Passamaquoddy Hunting History
May 13, 1900
Death-Like Stillness During the Porpiose Hunt
Father O’Dowd during his 14 years among them frequently accompanied the Indians on their early morning fishing excursions to far off Grand Manan. Before sunrise a fleet of canoes would push off from Pleasant Point with 5 or 6 men in each canoe, each man armed and alert in the hunt for the seal, porpoise, seagull, muskrat or mink. It is an exciting experience to the uninitiated, as the canoes are paddled noiselessly through the water, every eye skimming the surface as the first rays of sun light up the bay.
The hunt for the porpoise is the most soul stirring to the stranger from the white man’s country. A death like stillness pervades the atmosphere over hanging Passamaquoddy Bay when in quick succession, a dozen gunshots awaken the echoes and canoes are pushed along at utmost speed toward wounded porpoises floundering in the water. The man at the bow seizes the porpoise by its big fins, when the canoe arrives within reaching distance, and allows him to flounder until, with a favorable plunge the peculiar denizen of the deep is landed in the canoe. When it is considered that they weigh from 100 to 300 pounds it will be realized what a dexterous feat the Indian performs when he accomplishes the task without upsetting the canoe.
A curious feature about hunting the porpoise is that if the fish is killed outright as a result of the marksman’s bullet it sinks immediately. The aim of the hunter is therefore, to shoot below the head and between the shoulders if possible.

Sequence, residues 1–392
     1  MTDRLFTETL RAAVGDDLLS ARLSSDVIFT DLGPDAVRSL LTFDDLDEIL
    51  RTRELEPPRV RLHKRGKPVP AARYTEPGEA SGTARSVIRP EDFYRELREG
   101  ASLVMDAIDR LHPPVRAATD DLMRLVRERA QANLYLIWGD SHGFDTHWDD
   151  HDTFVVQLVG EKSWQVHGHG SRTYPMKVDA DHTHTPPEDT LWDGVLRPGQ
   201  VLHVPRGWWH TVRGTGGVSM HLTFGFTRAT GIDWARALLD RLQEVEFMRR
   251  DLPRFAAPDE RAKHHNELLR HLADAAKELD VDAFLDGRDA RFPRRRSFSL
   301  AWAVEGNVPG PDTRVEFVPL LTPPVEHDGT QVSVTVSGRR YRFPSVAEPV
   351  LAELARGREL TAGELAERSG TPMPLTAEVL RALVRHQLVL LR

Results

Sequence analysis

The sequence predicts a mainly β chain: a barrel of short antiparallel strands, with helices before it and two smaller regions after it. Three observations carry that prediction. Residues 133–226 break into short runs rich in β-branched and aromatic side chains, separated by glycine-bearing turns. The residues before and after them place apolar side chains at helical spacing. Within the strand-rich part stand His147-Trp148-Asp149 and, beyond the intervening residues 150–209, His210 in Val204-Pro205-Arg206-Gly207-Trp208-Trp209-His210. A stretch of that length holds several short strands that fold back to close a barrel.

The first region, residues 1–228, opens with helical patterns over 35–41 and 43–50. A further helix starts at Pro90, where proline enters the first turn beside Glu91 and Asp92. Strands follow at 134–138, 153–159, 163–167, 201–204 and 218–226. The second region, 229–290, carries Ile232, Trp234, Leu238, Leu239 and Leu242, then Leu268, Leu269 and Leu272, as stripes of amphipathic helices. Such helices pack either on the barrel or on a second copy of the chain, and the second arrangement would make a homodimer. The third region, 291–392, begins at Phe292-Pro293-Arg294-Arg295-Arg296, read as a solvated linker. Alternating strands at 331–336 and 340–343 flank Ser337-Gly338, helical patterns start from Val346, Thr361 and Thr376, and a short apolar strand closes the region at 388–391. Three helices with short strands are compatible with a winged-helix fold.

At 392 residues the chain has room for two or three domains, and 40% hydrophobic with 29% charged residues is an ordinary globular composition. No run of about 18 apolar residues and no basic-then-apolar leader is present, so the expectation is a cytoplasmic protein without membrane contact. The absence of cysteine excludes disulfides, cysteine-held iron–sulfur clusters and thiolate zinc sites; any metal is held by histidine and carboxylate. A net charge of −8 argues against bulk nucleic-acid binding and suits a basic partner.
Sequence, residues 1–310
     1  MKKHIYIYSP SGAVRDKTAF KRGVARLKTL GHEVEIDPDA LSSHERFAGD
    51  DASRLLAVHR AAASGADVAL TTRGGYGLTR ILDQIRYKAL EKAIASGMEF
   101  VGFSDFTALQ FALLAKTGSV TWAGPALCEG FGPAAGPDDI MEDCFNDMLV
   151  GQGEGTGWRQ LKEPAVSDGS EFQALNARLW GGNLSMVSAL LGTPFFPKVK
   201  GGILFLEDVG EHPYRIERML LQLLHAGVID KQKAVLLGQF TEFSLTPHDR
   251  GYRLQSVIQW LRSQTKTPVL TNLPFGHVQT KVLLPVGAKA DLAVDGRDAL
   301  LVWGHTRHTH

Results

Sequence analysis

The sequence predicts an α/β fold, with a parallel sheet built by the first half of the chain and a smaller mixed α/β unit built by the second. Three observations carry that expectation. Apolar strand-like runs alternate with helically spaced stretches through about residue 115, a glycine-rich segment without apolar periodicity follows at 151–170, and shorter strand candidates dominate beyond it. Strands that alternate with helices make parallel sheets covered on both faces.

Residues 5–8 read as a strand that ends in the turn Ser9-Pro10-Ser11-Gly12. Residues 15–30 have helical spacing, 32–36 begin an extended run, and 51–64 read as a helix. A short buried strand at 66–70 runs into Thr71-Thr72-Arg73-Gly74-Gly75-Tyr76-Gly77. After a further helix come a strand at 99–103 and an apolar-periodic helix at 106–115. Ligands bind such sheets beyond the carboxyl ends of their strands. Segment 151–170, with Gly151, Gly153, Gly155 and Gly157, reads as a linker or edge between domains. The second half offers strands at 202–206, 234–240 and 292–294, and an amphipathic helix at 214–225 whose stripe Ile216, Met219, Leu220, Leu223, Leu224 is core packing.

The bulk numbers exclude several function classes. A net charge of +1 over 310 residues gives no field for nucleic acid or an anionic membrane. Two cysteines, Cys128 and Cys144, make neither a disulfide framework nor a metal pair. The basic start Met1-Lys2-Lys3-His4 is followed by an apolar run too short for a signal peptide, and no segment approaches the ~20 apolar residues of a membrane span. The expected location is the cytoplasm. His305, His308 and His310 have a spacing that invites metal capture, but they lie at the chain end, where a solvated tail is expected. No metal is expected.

After the capture the animals are brought ashore and dissected. The flesh adjoining the backbone is cut out and boiled in 3 or 4 waters and from this is prepared stew. The boiling takes place in a brazen cauldron over a brisk fire of brushwood. “Everyone knows how delicious is a genuine Irish stew,” said the former Reverend among the Passamaquoddy. “Well, an Indian stew from porpoise meat is palatable dish too.”
From 4 to 5 gallons of oil is generally taken from the porpoise and makes the best lubricating oil in use, averaging something less than a dollar a gallon. The objection to it is peculiar odor.
Hunting the seal, though pathetic to the uninitiated, is nevertheless, an exciting event.
With conditions favorable an early morning start brings the Indians to the rocks of Grand Manan at dead low tide. The families of seals are resting quietly on the rocks. The Indians with clubs surround the family parties. The fathers and mothers of the several families, scenting danger attempt to drag their young to the water but finding the fate of their young doomed make haste to save themselves by retreating towards the water’s edge barking all the way.
After the young seals have been put out of earthly trouble they are taken far up from the high tide mark and divided among the captors according to the age of the members of the party, the oldest receiving the lion’s share and the youngest getting what is undivided.
The hunts for the gulls, the muskrat and the mink are equally interesting. The Indians eat the meat from all their catches not excepting the muskrat, which makes a feast that is rare and rich. From the skins mats, moccasins, gloves, etc., are made, all of which add to the general currency at Pleasant Point.